Columbia Police contacted the suspect Friday night after receiving a report from a victim of an incident on May 1st involving a “peeping tom.” Police contacted the suspect who fled into a wooded area NE or Rock Quarry Road, setting off a four hour search that did not result in an arrest.

R Bowen Loftin took over as the Chancellor of the University of Missouri three months ago now, taking the reins from Brady Deaton, who had served as Chancellor for a decade. Now that Dr. Loftin has had time to settle in Columbia, today on Intersection we’ll talk about what he’s learned about MU since he’s been here, and what his plans are for the University’s future.

Columbia’s city clerk has until Tuesday evening to decide whether the petition known as Repeal 6214 has enough signatures and is valid - and whether the city can continue with its plans, approved last March, with the developer the Opus Group. If you’ve been following this story, you know that this is about another student housing complex planned for downtown Columbia. Those in favor of the plan - including the mayor and a majority of city council members - say increasing the housing opportunities and investment downtown is a good thing.

In Columbia, more than 8 percent of the population is foreign-born, compared with just under 4 percent on average in the rest of Missouri. In Columbia Public Schools, there are 61 different languages spoken amongst the students in the English Language Learning programs. Today on Intersection we’re talking about mid-Missouri’s international communities. Why is Columbia more culturally diverse than other parts of the Midwest? What is life like in Columbia for people from around the world, and how does their presence affect the town as a whole?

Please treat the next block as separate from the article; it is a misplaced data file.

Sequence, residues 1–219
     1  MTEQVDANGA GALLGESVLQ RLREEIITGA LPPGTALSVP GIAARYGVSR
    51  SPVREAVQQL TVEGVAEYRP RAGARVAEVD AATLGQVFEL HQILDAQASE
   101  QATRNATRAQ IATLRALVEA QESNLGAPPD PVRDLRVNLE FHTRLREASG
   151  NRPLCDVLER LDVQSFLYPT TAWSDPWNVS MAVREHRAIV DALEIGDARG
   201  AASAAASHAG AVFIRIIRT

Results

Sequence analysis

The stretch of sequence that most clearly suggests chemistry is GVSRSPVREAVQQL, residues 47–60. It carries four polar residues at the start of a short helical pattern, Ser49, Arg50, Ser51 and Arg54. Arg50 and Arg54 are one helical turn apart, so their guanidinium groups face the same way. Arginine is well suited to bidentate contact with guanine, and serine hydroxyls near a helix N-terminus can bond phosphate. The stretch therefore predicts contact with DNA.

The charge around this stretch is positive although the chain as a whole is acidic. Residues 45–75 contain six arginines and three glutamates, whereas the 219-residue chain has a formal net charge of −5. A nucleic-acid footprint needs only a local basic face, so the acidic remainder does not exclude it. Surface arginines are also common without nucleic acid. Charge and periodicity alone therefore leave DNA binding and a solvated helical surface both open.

KBIA's Intersection

It’s been nearly 150 years since the close of the US Civil War, but the effects, and some of the arguments, continue to be felt today. Two years ago, a petition allowing Texas to secede from the US received over 100,000 online signatures, and prompted a response from the White House. Here in Missouri, lawmakers last year pushed a bill to nullify all federal gun control laws in the state. It ultimately failed, but that hasn’t stopped legislators from introducing similar legislation in this session.

News coverage from the KBIA newsroom.

Jacob Fenston / KBIA

US Senator Roy Blunt hopes Missouri could be one of 8 states to try to make significant changes to how mental health issues are treated in clinical settings as part of a 2-year pilot program. But that program still needs to be approved by Congress, and it’s been lumped into a bill seeking to address looming cuts to Medicare payments to doctors.

News coverage from the KBIA newsroom.

News coverage from the KBIA newsroom.

The internet age has brought to us the ability to get large amounts of information, from across the globe, delivered to our fingertips within seconds. This access provides us with a powerful amount of interconnectedness, and information (not to mention entertainment!). But how should this access and interconnectedness be distributed? Should it be available to everyone equally, or should big companies - like Netflix and Amazon - be restricted because of the amount of data they are streaming? What does all of this mean for the economy, democracy and those of us just trying to stream movies at home?